At Lunch I Went And Saw Art
I’ve had a really hard time talking about my trip here and what’s so strangely uncomfortable about being back in this city without sounding like I’m criticizing New York. I haven’t yet found the right approach.
I told a friend that coming back here was kind of like seeing your ex-boyfriend again, and realizing you no longer have feelings for him, but deciding that you can totally hang out and be friends. The problem is that all of your friends are still dating this guy, so all of the things you noticed about him that turned you off — his bad breath, how he’s sometimes a little aggressive and loud — are still part of what they’re in love with. (Or what they overlook because they’re still in love with him.) So you can’t say it out loud — just because he wasn’t right for you doesn’t make him wrong for everyone — or you sound like a total bitch.
I’m sorry for sounding like a total bitch.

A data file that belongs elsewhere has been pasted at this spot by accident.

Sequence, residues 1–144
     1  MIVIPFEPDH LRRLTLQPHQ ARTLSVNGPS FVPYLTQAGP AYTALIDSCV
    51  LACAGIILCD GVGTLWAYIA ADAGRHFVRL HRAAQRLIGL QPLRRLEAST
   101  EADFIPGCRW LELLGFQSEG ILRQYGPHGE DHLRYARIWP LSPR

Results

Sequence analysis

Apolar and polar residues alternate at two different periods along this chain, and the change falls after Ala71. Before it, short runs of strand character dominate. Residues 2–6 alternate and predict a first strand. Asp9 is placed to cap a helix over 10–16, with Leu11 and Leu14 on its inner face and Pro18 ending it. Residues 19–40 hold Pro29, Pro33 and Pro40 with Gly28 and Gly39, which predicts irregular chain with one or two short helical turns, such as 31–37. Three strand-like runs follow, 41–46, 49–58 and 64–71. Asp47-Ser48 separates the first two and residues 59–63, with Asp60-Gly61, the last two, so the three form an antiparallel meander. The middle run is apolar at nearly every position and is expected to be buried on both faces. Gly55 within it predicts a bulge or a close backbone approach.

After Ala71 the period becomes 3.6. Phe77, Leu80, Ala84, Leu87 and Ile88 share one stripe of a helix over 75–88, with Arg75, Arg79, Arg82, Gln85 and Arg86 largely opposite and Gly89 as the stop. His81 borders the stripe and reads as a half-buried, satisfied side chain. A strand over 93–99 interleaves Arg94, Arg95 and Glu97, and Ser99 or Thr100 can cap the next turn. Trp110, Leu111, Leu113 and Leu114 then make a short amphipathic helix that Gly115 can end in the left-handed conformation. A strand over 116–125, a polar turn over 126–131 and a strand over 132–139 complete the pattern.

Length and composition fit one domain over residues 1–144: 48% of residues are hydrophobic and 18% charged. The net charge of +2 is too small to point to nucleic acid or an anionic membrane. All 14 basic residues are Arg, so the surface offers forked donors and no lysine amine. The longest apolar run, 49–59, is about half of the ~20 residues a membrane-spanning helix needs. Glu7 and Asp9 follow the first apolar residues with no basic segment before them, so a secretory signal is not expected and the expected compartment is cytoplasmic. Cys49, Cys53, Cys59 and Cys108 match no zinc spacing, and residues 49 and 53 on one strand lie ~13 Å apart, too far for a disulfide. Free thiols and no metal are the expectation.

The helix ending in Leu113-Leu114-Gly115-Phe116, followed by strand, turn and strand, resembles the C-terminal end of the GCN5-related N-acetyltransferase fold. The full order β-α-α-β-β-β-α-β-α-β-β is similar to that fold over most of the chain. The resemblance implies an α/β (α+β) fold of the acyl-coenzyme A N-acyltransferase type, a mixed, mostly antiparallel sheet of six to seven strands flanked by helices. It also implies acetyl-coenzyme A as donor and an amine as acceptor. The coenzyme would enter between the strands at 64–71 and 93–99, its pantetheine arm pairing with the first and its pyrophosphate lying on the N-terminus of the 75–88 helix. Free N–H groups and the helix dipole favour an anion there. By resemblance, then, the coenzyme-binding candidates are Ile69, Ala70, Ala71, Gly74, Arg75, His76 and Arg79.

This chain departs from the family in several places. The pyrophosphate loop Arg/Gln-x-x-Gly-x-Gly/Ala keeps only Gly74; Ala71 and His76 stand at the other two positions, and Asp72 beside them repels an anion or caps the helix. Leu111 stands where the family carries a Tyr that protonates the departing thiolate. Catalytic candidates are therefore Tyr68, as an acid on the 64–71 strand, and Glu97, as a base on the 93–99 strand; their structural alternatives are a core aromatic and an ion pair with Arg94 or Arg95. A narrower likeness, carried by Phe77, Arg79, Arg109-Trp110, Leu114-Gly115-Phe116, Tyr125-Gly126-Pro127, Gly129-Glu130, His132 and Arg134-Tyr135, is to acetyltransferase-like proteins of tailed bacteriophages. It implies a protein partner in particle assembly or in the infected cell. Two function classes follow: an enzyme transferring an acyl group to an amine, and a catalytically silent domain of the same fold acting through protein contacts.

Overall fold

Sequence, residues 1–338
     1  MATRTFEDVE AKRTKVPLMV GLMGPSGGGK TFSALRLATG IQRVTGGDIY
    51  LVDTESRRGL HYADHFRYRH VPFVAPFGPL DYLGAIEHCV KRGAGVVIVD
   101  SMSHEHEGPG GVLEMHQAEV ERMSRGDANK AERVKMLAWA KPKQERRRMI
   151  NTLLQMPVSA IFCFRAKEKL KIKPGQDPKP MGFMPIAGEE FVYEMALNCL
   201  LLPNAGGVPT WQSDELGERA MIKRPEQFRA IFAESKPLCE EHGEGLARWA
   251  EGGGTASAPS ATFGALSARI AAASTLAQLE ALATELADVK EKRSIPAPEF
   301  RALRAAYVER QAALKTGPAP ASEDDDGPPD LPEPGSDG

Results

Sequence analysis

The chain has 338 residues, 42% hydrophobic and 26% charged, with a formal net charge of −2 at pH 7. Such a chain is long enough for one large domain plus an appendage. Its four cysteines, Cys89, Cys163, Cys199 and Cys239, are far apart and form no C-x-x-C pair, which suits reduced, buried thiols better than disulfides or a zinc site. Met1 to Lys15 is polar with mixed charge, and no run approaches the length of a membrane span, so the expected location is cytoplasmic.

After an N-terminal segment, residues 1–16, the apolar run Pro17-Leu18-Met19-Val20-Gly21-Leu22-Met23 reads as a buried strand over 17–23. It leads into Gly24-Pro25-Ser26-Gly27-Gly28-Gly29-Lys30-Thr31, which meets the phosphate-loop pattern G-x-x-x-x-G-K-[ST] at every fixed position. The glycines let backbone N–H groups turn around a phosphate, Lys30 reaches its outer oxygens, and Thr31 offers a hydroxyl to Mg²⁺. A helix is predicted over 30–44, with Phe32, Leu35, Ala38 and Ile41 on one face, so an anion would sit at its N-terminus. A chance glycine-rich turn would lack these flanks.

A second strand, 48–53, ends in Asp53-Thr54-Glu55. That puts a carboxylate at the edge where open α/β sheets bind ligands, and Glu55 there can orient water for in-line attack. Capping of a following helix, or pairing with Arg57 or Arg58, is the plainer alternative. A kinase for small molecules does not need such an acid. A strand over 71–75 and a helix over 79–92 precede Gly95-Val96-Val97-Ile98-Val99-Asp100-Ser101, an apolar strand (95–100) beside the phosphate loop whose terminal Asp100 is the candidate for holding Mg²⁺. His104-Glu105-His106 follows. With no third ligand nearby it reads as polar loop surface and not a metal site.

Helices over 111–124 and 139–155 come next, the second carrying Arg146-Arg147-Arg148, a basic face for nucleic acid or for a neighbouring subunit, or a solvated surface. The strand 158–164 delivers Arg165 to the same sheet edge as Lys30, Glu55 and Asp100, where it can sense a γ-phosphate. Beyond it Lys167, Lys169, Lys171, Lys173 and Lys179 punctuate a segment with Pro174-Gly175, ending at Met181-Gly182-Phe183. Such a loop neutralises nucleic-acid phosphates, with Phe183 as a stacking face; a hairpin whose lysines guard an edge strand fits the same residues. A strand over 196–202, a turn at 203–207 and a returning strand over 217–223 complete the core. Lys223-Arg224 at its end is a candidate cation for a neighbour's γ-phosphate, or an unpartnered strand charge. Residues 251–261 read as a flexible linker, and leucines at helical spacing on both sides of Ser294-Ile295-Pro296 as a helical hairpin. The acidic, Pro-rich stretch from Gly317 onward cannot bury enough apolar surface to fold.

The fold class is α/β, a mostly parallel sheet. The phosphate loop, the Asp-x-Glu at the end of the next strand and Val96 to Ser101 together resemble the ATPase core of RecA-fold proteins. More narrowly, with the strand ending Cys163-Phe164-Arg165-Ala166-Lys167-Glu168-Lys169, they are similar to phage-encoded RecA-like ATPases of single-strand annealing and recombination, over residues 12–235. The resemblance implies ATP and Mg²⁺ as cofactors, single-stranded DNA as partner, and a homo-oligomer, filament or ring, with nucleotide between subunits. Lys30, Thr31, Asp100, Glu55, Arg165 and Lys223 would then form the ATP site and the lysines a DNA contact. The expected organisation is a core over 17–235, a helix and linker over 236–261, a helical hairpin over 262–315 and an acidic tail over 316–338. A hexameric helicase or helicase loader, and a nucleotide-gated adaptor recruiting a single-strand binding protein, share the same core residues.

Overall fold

Today on my lunch break, I went by myself to the MoMA to see the Cindy Sherman retrospective. There were tourists wandering aimlessly in front of people’s sightlines, zigzagging through exhibition rooms, holding the audio tours to their ear. The black and white film stills circling the walls, Cindy on 6th Avenue, the steps of a cathedral, in a hotel room. I was suddenly filled with joy for the people I love who get to live here, who are living out amazing stories, like the stills from their own film, backdropped by a city built for the movies, who still thrive on noise and bustle and things-to-do. The ones who love it here. Love going to the MoMA on their lunch break. Love how the skyscrapers look against the matte sky. Love having lunch in the park.
Just because it didn’t work out for me shouldn’t leave me bitter or critical of past geographies. That’s no way to keep a friend. And I really do think we’re going to make it as friends, New York, you and I.
Just be good to my friends, New York. Because if you hurt them I will come after you and I will UNLEASH.